Henry Kressel and Norman Winarsky–technologists, inventors, and investors with stellar track records–provide a guide for those who wish to create a market-leading company that will have a real impact: a disciplined and staged approach they have used to launch, invest in, and develop scores of highly successful companies. “If You Really Want to Change the World” leads entrepreneurs through the critical stages of venture development, from concept to acquisition or public offering to maintaining a rich culture of innovation in the company. It is a guide by innovators for innovators, with approaches that are practical and timeless. Drawing on the authors’ experiences as well as those of their partners from around the world, Kressel and Winarsky share the stories of their triumphs and misses, demonstrate their method in action, and inspire their readers in the process. There are more opportunities now than ever before to build breakthrough companies that touch millions of lives. If this is your goal, let this book be your guide to creating world-changing ventures.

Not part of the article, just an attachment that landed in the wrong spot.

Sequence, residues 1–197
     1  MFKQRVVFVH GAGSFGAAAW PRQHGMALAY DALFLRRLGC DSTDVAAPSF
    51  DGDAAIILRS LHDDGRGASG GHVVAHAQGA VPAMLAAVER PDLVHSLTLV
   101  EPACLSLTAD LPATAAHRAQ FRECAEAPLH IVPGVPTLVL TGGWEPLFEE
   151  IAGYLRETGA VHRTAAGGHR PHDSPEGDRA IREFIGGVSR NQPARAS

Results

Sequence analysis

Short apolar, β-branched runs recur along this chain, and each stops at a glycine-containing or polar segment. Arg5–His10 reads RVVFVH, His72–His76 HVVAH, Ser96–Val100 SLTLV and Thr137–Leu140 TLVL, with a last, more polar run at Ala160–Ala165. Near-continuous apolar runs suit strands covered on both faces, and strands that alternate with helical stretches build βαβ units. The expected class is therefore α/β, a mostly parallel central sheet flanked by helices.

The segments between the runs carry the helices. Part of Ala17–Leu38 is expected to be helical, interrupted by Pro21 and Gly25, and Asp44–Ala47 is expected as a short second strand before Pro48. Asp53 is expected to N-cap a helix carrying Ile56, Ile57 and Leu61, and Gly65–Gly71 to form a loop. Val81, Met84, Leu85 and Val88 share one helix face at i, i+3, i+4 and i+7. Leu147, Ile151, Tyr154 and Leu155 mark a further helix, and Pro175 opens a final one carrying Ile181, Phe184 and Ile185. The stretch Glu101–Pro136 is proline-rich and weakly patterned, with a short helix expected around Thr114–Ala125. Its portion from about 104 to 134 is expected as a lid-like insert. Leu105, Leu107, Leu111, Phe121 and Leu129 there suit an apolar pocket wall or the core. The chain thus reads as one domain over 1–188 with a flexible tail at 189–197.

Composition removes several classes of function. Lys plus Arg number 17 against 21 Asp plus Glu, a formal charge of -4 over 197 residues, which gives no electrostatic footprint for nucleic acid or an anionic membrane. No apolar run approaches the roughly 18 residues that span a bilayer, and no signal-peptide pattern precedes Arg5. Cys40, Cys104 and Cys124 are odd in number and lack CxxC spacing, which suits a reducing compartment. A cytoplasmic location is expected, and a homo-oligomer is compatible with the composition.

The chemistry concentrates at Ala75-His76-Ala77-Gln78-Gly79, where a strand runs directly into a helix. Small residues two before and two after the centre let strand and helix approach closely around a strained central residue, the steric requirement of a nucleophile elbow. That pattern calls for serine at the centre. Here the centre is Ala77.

Employees don’t need annual performance reviews to know how they stack up against their peers says Kris Duggan on FC.com. I couldn’t agree more. At Herculean, we believe in three simple things when it comes to building breakthrough teams. They are based on The Orange Revolution:
- WOW: go for worldclass
- Open Communication: no surprise
- Cheer each other to victory
When you practice open communication, everybody knows at all time how they are performing. They not only know it from their boss, but from all their peers. Read the complete article here.